Those leading the investigation need to recognise that the reputation of the police in the UK is at the present quite low. They also need to avoid falling into the trap of not being seen to be doing the right thing or providing an easy exit for those implicated.
However, if it is subsequently established that there has been procurement bribery, fraud and corruption, it will be most unlikely that it will be isolated to just vehicle contracts. The investigation will need to review:
- The procurement governance structure;
- Which other areas of spend the culprits have been involved with and how vulnerable those areas were to abuse;
- Which other public sector organisations have been supplied by the supplier/s involved - it is unlikely that the supplier only found one area of vulnerability;
- Consider the history of dealing with the supplier/s involved and how long the abuse has been going on;
- Which other police forces, and indeed public sector organisations, may have been following the same 'failed' preventative systems;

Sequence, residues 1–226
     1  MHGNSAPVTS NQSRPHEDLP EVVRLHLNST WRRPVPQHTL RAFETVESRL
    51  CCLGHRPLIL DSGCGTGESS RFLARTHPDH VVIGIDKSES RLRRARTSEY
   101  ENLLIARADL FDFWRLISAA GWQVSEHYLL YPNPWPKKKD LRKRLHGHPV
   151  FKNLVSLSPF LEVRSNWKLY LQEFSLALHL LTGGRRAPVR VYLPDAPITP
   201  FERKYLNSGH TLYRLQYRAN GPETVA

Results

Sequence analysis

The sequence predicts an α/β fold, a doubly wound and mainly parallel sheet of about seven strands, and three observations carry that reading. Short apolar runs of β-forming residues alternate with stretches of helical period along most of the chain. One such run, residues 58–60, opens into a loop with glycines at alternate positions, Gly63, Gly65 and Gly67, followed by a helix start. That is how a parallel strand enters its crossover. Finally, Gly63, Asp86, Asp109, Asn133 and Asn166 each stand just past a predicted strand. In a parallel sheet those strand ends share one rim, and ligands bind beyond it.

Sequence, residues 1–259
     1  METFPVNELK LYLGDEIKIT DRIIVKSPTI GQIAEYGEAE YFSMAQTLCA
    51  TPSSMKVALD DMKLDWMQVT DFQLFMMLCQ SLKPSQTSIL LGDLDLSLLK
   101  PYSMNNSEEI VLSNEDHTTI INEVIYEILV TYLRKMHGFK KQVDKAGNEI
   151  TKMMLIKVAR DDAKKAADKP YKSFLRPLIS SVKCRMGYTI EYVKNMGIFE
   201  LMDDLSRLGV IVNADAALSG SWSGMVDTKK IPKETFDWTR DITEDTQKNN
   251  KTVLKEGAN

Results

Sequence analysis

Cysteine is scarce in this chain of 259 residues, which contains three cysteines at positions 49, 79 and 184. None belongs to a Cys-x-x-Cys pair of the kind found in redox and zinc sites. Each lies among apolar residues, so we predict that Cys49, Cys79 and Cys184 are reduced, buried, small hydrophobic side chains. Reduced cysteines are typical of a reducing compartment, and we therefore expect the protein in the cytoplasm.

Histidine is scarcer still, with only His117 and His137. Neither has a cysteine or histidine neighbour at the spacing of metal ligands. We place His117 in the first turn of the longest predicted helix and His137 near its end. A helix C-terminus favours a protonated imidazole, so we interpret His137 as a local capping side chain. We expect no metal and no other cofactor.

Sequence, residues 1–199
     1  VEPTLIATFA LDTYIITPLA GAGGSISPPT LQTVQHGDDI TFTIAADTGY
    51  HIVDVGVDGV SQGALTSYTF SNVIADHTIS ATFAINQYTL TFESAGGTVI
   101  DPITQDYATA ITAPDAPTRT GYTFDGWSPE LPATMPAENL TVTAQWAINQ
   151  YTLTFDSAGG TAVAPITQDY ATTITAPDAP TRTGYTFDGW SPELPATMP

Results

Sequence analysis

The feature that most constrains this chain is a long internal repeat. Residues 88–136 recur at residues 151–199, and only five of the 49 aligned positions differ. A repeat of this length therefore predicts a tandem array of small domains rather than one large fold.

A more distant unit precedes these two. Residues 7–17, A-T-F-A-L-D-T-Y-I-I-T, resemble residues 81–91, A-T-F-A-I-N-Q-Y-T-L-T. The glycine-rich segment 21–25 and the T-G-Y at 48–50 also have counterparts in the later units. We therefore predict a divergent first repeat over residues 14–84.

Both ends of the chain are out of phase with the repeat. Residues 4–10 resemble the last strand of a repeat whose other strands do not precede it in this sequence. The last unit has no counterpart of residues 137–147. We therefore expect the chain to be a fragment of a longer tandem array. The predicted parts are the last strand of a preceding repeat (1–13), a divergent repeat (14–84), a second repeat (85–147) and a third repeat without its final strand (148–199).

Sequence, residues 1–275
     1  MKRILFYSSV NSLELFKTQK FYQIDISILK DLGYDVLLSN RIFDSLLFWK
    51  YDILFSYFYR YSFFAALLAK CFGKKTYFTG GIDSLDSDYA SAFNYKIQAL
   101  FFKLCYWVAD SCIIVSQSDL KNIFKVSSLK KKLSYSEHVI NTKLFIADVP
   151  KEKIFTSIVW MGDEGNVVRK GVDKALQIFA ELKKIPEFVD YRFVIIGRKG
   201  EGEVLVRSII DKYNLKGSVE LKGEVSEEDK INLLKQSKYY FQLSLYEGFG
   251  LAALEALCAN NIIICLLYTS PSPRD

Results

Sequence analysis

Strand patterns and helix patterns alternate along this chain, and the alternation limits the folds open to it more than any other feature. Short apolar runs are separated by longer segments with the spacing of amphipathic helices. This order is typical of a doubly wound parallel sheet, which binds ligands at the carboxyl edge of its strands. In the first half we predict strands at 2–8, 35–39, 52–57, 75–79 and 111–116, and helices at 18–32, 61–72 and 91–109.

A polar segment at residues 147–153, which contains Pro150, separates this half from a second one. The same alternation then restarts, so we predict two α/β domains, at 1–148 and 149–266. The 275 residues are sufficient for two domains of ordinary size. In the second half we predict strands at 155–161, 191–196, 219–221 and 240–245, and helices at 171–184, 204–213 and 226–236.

There also needs to be a due diligence of the procurement processes to establish vulnerability to procurement fraud, bribery and corruption. The Bribery Act requires organisations to put in place processes to prevent bribery anyway.
But if it is subsequently proved that contracts have been wrongly awarded as a result of corruption other relevant issues may arise. For example,
- Assuming the contracts were awarded through the Public Contracts Regulations, surely there must have been a breach of those laws?
- What about the suppliers who would have been awarded the contracts had there not been corruption? Would those potential suppliers not be entitled to compensation for loss of profits? That would open a major can of worms as all those award evaluations would potentially be exposed to scrutiny and who knows how robust they would have been.
What will the next instalment be?